Price promotions and box sets are on the horizon also, but these will involve a learning curve. It’s something I’ve wanted to do for a while but had to get all my books uploaded first.
As you can see, these are full-time tasks. Once they are completed, I can move on to new works. Or maybe by then, this virus will be gone and I’ll want to enjoy life and being a grandma. Who knows? At the moment, we have to take things day-by-day.
Thankfully, as a writer, this doesn’t mean much in the way of adjustment. Our normal routine is to stay home in front of the computer. Since we are in forced isolation, we can get even more done if we focus on our work and not the daily news. So batten down your hatches. Make a list of all these nagging tasks you’ve been meaning to do as a writer. And get to work! Use this time to your advantage. What will be the first item on your list?
ISBN stands for International Book Standard Number. It is a globally recognized identification number for your book. As an indie publisher, you need to think about this option before self-publishing your work.
Why should you use your own ISBN numbers?
Control over metadata
More professional – Your imprint is the publisher
Better availability to retailers, booksellers, and librarians
You need an ISBN to get a barcode, which may include pricing information.
Certain book distributors may require you to have your own.
Some writing contests and library promotions require you to have an ISBN.
Your book’s information will be stored in the Books In Print
If you want your own imprint, create a publisher name and see if the domain is taken. If not, reserve the domain name. Register with your State as a “Fictitious Name” or “Doing Business As” company. You can do this online. Or establish an LLC. Check with your accountant to see which one is right for you. It looks more professional for your book to be published by “XYZ” Press than by the author. Apply for a county business license/tax receipt if required. Finally, open a business bank account so you can receive royalty payments through direct deposit.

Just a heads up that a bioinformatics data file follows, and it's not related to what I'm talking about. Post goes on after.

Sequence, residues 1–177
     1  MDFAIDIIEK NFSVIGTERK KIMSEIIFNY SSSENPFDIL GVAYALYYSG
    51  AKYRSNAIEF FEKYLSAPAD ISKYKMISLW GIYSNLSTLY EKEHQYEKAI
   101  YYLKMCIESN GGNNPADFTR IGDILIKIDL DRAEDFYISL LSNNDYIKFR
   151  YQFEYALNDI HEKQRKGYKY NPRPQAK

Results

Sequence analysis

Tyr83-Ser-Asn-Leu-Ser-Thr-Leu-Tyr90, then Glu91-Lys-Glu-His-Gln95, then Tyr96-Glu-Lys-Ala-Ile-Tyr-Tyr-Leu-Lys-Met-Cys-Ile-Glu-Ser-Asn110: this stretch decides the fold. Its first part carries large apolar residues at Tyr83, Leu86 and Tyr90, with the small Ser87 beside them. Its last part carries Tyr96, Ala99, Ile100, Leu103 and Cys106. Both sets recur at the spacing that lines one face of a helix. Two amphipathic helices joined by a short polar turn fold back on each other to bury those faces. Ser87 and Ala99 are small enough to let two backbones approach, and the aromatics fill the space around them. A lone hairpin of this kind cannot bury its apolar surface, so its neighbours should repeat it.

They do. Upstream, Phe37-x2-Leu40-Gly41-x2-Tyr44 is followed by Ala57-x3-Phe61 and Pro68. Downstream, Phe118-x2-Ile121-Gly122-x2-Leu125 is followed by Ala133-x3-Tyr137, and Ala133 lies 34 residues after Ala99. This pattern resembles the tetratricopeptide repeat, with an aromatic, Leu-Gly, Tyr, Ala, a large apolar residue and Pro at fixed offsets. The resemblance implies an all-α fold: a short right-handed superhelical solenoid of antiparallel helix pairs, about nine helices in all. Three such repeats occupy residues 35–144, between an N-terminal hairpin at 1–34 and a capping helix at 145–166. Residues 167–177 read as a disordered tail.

This does not necessarily apply if your plan is solely to publish e-books through Amazon. Then you have the option of skipping this whole process and using the distributor-provided ISBN. But know that you are limiting your options for later if you choose to go wider with your books and take advantage of the opportunities listed above.
Click Assign Title next to the ISBN number you wish to assign.
Complete all fields marked with red asterisks.
Upload Cover Image
Title Information Book title, subtitle, main description, original publication date, language, copyright year, optional Library of Congress Control Number
Contributors Your author name goes here along with your bio.
Format and Size Medium, i.e. E-book, Digital, Print, or Audio
Format, i.e. Electronic Book Text
Subjects & Genres Primary Subject, i.e. Fiction, Mystery and Detective, General
Editions and Volumes Previous Edition ISBN or New Edition ISBN. This is when you issue a second edition, for example. Then you must manually change the Title Status on the older ISBN to Out of Print.